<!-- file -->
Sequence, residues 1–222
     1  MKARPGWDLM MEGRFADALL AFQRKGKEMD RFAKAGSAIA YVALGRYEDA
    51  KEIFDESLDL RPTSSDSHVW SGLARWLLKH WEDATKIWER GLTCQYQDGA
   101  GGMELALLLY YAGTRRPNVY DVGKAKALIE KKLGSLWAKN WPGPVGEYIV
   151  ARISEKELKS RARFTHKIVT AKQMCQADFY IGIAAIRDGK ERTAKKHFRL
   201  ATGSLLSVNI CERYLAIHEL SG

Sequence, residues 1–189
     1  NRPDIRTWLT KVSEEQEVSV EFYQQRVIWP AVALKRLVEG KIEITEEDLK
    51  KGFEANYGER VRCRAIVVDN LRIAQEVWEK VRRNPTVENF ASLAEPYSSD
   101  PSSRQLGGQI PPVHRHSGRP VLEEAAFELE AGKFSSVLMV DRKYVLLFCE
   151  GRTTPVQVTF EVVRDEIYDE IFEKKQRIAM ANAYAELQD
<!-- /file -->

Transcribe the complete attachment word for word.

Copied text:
Sequence, residues 1–222
     1  MKARPGWDLM MEGRFADALL AFQRKGKEMD RFAKAGSAIA YVALGRYEDA
    51  KEIFDESLDL RPTSSDSHVW SGLARWLLKH WEDATKIWER GLTCQYQDGA
   101  GGMELALLLY YAGTRRPNVY DVGKAKALIE KKLGSLWAKN WPGPVGEYIV
   151  ARISEKELKS RARFTHKIVT AKQMCQADFY IGIAAIRDGK ERTAKKHFRL
   201  ATGSLLSVNI CERYLAIHEL SG

Sequence, residues 1–189
     1  NRPDIRTWLT KVSEEQEVSV EFYQQRVIWP AVALKRLVEG KIEITEEDLK
    51  KGFEANYGER VRCRAIVVDN LRIAQEVWEK VRRNPTVENF ASLAEPYSSD
   101  PSSRQLGGQI PPVHRHSGRP VLEEAAFELE AGKFSSVLMV DRKYVLLFCE
   151  GRTTPVQVTF EVVRDEIYDE IFEKKQRIAM ANAYAELQD